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Motivation is the process of stimulating people to act in ways which serve the needs of the organization providing the stimulus. Simply put, motivation is discovering and applying whatever is needed to get the employee to carry out designated activities in specified ways. However, a clear distinction is made between attitude, which is a state of mind, and behavior, which is a state of action.
A milestone in the relationship between the behavioral scientist and the manager was the "Hawthorne Experiments". In that project, behavioral scientists were invited to a large plant to help explain some employee behavior phenomena which were baffling to the managers. The success in this collaboration was achieved in a setting which included the following elements:
1) The study was a joint undertaking between behavioral scientists and practicing managers.
2) The locale of study was the factory, not the psychological laboratory.
3) The problem studied was not staged; it consisted of real life.
4) The tools used for study were the analytical tools of the behavioral scientists, not the empiricism of the managers.
All behavioral scientists agree that human beings act in response to stimuli which appeal to their internal needs and drives. Obviously, it is important to understand just what kinds of stimuli are effective. While the behavioral scientists agree the needs are multiple and that they are unequal in importance, they do not agree on the order of priorities or on the relative importance of potential stimuli.
According to Maslow, people have and tend to satisfy the following five basic needs:
Physiological: food, clothing. Shelter, which people satisfy before all others.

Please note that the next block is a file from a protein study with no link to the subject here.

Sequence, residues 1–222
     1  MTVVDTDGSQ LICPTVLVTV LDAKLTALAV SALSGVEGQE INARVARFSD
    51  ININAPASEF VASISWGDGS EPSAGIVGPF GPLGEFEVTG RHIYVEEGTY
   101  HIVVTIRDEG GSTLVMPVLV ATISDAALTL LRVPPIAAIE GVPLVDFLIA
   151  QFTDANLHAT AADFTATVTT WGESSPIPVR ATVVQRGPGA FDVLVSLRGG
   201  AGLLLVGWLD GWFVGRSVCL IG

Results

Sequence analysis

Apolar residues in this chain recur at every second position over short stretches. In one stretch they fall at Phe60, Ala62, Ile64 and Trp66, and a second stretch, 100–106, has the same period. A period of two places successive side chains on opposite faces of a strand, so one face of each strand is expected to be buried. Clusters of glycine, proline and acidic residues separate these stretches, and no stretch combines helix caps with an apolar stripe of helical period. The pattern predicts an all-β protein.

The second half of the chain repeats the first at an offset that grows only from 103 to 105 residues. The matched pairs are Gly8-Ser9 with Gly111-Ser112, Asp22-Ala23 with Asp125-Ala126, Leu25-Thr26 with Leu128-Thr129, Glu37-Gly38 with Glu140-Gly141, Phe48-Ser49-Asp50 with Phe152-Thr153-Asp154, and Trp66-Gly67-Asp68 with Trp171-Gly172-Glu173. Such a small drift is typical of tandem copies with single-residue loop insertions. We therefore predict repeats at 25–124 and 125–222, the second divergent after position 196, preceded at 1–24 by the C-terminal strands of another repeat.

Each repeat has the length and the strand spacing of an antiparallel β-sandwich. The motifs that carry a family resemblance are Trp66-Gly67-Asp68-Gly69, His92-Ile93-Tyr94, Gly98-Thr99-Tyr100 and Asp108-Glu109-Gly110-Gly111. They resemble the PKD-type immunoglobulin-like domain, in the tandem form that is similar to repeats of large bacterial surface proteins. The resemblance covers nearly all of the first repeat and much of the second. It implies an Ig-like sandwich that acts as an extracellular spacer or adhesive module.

Security: safety and stability, absence of pain, Threat and illness.
Affiliation: desire for friendship, love, and belonging.
Esteem: self-respect, personal achievement, and recognition from others.
Self-actualization: personal growth, self-fulfillment, and realization of ones own full potential.
Although Maslow's theory helps considerably in understanding the growth processes of individuals from birth through maturity, the relevance of his model to the workplace seems somewhat questionable. By the time most employees begin working, many of their lower-order needs already have been fulfilled. Moreover, the nature of many jobs makes it almost impossible for many employees to achieve self-actualization, the highest need in the hierarchy, on the job. The strongest criticism of Maslow's approach is that it was developed from Maslow's clinical experience, and that empirical work has consistently failed to find major support for the theory. These critics argue that while the theory may have described Maslow's patients, it does not reflect the realities of people at work. Furthermore, it is not clear that deficient needs are the strongest motivators. In Maslow's defense, Maslow did not originally intend his theories to be applied to the workplace; rather, management specialists such as Douglas McGregor popularized his ideas in the management literature.
David C. McClelland, professor of psychology at Harvard University, is also credited with extensive contributions to motivation theory. McClelland identifies three needs:
1. NEED FOR ACHIEVEMENT. The desire to accomplish some goal or task more effectively than has been the case in the past.
2. NEED FOR AFFILIATION. The desire to have close, amenable relations with other people.
3. NEED FOR POWER. The desire to be influential and to have impact on a group.
Much of McClelland's early work suggested that the need for achievement was important to business people, scientists, and professional persons. A later report restricted to managers concluded that the need for power was most important to management. McClelland identifies three types of managers:
1. AFFILIATE MANAGERS (affiliation greater than power, high inhibition).
2. PERSONAL POWER MANAGERS (power greater than affiliation, low inhibition).
3. INSTITUTIONAL MANAGERS (power greater than affiliation, high inhibition).
He concluded that the institutional managers, who were high in the need for power and self-control, but low in the need for affiliation, were typically the most successful leaders.
Many managers prefer Herzberg's theory because:
1. Easy to understand, the motivators and hygiene factors are easily identified.
2. Provide actions required to improve employee performance that are straight forward.
3. Herzberg model underpins the importance of intrinsic factors in the job and lead to the need to improve job-related content, re-design or re-structure the current job in order to improve motivation and job satisfaction.
The motivators are typically intrinsic factors, largely administered by the employee. The hygiene factors are extrinsic factors, under the control of the supervisor or someone else other than the employee.